While I won’t recommend Early Del Rey, diehard science fiction fans might enjoy it.

Friday, May 11, 2012

A Game of Thrones (Fantasy Novel)

Kings. Families. Betrayal. Oaths. Loyalty. Honor. Dragons. Direwolves.

A Game of Thrones is the first novel in George R. R. Martin’s A Song of Ice and Fire Series. The novel won the 1997 Locus Fantasy Award and recently has been made into a TV series. My biggest complaint about the book was that I had a problem putting it down and it seriously interfered with my sleep. Each chapter had me wanting more. I quickly had a number of favorite characters with whom I was emotionally invested. The book teased with hints of the supernatural while still describing a relatively normal world for most of the novel. By the end of the book, I had some closure but so many major storylines were unresolved –some barely begun– that I was hungry for more. The book is definitely a grown-up fantasy, containing sex and violence.

The structure of the book reminds me of a multi-stranded rope that is slowly unraveling. From the beginning, the first strand that comes off from the rope is the storyline involving the son and daughter of the murdered king. The book has numerous storylines involving characters from the House of Stark, who are supporters of the current king, Robert: Eddard, Lord of Winterfell; Catelyn, Eddard’s wife; Sansa, their oldest daughter; Arya, their tomboy daughter; Bran, a son; Jon, a bastard of Eddard. There is one strand with a character from the House of Lannester, Robert’s dwarf brother-in-law Tyrion. Because most of the characters were together in some of the beginning chapters, the storylines are relatively easy to keep track of.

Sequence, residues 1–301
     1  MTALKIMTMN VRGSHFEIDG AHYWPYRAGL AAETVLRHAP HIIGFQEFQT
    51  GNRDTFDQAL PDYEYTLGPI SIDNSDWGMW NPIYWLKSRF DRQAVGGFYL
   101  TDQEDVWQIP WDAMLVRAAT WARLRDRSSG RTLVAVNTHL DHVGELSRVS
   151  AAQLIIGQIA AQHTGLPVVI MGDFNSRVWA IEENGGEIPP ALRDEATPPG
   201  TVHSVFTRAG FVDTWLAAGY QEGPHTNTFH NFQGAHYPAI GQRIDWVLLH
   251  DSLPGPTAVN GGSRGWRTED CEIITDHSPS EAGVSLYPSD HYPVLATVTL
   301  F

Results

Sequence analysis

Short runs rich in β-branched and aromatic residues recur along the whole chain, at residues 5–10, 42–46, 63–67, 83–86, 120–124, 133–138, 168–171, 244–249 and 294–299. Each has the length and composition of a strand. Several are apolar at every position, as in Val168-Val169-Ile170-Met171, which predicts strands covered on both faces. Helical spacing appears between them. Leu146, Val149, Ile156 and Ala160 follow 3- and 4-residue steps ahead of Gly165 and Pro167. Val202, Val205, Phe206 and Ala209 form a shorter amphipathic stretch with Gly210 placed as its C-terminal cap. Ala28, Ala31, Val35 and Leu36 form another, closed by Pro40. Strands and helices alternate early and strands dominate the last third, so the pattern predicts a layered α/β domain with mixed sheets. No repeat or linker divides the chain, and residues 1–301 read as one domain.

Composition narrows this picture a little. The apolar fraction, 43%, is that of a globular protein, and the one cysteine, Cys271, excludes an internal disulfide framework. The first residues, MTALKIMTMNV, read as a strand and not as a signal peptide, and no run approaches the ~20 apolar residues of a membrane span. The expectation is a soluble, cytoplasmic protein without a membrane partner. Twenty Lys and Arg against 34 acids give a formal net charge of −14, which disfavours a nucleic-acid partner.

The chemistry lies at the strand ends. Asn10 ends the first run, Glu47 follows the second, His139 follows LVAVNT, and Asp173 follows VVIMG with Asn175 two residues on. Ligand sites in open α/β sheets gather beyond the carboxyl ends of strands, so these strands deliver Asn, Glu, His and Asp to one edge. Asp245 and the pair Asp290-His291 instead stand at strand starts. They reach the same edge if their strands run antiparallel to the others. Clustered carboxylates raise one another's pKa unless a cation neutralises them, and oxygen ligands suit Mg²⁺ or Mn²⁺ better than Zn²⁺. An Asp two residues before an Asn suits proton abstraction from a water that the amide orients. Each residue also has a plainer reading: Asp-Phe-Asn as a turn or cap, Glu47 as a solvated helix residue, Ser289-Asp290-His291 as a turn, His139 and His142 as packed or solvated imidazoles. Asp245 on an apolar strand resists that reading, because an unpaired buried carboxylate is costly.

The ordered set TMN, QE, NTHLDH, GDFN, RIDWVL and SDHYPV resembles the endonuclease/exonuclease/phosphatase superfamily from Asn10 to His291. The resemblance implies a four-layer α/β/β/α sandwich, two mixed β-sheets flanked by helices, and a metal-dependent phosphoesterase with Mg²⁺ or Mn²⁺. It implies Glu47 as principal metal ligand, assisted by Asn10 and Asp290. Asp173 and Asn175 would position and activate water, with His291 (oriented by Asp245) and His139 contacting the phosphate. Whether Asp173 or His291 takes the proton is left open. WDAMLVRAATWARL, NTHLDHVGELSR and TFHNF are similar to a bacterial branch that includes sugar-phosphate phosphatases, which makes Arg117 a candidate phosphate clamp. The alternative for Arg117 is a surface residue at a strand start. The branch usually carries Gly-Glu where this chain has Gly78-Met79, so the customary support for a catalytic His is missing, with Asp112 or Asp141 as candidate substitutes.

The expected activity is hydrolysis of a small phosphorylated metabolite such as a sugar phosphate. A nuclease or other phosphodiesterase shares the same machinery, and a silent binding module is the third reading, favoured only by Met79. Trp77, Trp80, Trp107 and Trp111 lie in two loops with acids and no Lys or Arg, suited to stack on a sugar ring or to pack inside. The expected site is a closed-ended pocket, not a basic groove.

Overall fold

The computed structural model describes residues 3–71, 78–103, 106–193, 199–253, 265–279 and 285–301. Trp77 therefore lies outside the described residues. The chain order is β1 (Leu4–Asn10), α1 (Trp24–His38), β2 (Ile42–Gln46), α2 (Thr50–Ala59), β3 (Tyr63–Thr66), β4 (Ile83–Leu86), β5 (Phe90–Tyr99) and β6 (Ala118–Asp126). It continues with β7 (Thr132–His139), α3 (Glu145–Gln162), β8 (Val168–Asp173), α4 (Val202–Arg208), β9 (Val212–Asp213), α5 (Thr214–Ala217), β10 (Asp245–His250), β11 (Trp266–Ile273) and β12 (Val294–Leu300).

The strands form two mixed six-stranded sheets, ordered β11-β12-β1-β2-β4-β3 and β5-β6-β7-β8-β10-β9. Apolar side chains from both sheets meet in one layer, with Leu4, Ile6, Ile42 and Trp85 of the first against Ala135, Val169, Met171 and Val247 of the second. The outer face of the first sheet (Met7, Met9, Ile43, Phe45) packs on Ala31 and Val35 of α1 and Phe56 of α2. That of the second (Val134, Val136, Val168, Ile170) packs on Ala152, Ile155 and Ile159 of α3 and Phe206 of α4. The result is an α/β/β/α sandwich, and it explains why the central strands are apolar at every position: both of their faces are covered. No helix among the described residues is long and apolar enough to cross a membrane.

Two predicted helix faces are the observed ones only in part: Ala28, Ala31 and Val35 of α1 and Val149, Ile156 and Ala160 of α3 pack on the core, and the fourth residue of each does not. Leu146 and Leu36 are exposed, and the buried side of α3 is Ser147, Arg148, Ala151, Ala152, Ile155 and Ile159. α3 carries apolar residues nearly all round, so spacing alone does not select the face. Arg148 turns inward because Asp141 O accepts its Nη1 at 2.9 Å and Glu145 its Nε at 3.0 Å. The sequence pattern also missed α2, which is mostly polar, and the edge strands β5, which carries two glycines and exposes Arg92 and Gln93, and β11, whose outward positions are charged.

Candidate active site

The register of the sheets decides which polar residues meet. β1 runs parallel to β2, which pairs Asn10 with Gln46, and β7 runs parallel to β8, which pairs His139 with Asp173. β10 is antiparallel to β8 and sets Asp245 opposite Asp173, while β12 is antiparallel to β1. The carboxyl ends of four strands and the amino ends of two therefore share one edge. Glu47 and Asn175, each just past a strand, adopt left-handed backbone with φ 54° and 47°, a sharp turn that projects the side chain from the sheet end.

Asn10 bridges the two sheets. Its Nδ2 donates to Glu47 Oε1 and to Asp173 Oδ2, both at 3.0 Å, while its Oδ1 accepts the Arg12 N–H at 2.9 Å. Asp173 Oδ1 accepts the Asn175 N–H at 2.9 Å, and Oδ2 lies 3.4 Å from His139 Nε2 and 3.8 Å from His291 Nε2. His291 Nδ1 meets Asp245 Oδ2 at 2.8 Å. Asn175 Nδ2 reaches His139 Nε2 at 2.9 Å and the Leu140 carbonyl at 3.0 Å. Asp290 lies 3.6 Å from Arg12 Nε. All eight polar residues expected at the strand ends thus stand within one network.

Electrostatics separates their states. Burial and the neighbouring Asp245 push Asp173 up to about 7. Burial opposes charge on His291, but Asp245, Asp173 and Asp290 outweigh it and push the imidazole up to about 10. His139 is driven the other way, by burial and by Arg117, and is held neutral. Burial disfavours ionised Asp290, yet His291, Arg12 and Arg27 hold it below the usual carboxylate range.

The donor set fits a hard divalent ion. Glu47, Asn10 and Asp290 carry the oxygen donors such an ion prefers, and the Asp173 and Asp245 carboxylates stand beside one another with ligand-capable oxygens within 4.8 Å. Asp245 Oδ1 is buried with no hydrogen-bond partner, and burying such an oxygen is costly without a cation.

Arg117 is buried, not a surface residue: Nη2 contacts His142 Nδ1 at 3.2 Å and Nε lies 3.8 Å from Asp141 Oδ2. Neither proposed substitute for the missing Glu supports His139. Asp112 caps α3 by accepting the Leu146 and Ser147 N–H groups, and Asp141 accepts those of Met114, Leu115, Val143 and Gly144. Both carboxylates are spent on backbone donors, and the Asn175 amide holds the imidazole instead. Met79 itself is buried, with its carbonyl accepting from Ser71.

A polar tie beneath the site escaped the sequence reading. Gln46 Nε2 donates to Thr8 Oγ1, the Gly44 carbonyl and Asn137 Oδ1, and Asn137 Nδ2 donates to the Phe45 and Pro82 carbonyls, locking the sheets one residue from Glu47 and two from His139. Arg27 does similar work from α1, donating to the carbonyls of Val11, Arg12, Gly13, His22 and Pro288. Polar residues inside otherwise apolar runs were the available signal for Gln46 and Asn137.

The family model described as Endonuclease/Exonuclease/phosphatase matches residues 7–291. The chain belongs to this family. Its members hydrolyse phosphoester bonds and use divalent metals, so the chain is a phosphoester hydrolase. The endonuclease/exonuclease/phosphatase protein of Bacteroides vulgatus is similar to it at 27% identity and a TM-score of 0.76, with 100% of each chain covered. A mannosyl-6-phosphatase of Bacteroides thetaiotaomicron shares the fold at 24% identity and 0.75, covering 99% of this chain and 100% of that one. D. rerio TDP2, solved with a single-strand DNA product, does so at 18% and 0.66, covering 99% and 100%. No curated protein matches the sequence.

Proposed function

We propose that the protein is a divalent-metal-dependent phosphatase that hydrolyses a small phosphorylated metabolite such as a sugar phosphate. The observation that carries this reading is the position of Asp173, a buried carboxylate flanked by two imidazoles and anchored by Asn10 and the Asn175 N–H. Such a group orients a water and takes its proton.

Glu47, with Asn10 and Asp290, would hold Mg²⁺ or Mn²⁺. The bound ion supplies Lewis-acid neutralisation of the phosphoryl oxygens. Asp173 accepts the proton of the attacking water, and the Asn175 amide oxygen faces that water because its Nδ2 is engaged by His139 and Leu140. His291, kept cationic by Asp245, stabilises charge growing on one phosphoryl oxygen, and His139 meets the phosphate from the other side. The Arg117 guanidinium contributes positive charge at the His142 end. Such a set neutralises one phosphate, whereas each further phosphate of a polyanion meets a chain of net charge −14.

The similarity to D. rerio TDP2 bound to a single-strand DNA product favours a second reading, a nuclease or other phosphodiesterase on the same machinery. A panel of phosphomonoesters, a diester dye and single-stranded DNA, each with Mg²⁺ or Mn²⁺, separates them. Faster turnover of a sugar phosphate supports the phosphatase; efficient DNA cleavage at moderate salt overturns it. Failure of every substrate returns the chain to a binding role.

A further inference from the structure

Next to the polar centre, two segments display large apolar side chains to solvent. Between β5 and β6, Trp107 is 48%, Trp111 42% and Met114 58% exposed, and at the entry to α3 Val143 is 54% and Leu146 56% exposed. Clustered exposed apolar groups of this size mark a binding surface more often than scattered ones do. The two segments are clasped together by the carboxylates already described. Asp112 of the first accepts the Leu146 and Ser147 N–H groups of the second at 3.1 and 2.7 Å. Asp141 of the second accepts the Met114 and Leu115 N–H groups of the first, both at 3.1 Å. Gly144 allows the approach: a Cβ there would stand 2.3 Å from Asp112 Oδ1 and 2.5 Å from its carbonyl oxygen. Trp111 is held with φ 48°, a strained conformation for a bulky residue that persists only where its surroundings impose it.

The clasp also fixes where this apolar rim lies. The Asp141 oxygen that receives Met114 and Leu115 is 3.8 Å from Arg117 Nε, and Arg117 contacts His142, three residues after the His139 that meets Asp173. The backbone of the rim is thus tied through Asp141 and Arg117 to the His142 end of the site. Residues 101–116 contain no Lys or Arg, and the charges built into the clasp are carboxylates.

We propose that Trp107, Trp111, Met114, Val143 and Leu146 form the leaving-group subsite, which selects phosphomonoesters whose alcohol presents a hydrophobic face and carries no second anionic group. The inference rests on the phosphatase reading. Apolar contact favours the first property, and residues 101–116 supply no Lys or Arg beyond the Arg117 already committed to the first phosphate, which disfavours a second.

I have not been a fan of fantasy novels lately; I had read too many knight and dragon stories. I would not have started this one if the last book in the series, A Dance of Dragons, were not a nominee for this year’s Hugo Award. I was delightfully surprised. The plot feels fresh to me. I am looking forward to the next books.

Tuesday, May 1, 2012

Lamb in His Bosom (Pulitzer Winning Novel)

She was like to lose her mind, for she kept thinking that breaths were like threads on a mighty loom, drawn tight, woven among one another, broken singly as each life reaches its frayed or short-ending. She could hear the treadle of the loom knocking in her ears—but that was her heartbeat…
Lamb in His Bosom by Caroline Miller won the 1934 Pulitzer Prize for the Novel. In the novel Miller tells the story of Cean and her family, who live in the South around the time of the Civil War. Cean and her husband Lonzo produce fourteen children, a number of whom die before Cean. Her brothers and parents have their own triumphs, tragedies and mysteries.

I easily became emotionally involved in the book. The characters are relatable. The plot is a little slow by today’s standards. I was bothered by the mystery of Lias, Cean’s brother; the structure was so unlike the rest of the book. All-in-all this was a pleasant book.